Video report by Granda Reports journalist Sarah Rogers
A charity is working to make gaming more accessible for everyone after research showed two thirds of disabled people still face barriers.
Everyone Can, in Manchester work with children and adults to make gaming a level playing field.
It hopes that the virtual world created can be used to bring together people who might otherwise be excluded.
Around two thirds of disabled people say they still face barriers from poor equipment to negative attitudes from other gamers.
Everyone Can, based in Sale, rund free sessions for children and adults, providing specialist equipment that might otherwise be too costly.
Nicola Jones from the charity said, "You don't want anyone to feel isolated and think, I can't do that because I'm disabled so ensuring that everyone can game is so important to us."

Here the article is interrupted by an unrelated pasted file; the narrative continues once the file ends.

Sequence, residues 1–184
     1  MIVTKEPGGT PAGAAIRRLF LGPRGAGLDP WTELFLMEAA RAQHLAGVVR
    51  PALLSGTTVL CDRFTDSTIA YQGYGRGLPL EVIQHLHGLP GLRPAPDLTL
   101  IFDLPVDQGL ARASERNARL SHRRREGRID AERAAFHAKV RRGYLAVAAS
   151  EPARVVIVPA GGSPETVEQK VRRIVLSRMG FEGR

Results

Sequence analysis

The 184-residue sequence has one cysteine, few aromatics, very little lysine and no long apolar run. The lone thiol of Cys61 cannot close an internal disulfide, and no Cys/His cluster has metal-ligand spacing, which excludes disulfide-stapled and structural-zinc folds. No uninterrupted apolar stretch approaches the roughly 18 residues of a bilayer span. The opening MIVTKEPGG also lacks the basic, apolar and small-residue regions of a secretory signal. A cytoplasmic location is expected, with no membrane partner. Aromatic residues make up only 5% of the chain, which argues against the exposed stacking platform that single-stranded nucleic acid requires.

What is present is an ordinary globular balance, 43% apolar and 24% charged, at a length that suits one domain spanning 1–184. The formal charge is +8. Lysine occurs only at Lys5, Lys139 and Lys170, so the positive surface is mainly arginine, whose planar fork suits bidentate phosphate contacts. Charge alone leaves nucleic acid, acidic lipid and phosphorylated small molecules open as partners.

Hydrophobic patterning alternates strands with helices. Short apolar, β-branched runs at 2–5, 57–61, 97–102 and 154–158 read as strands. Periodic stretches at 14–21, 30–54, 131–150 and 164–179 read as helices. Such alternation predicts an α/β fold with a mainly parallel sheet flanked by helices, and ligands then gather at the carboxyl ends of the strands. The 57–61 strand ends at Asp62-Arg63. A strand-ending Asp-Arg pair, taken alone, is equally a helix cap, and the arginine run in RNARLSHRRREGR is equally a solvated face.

Granada Reports went along to one session held for adults with neurodiverse conditions such as autism.
Here, gaming can help build relationships and stave off social isolation as the game takes primary focus.
Gamer Glen Wilkinson said they used their 'strength' to help others, adding that the one and a half hour weekly session was 'about community'.
Research from Scope highlights the disparity between disabled and non disabled gamers, a survey of 800 people with a variety of disabilities revealed two thirds faced some kind of barrier that stopped them enjoying gaming fully.
"It's kind of what we expected," said Molly White from the charity.
"We know disabled people face barriers in all areas of life.
"But, what was quite interesting is that people do see gaming as this really empowering world."
She added that gaming was more than 'shooting zombies' that creating new worlds to step into was really appealing to many people.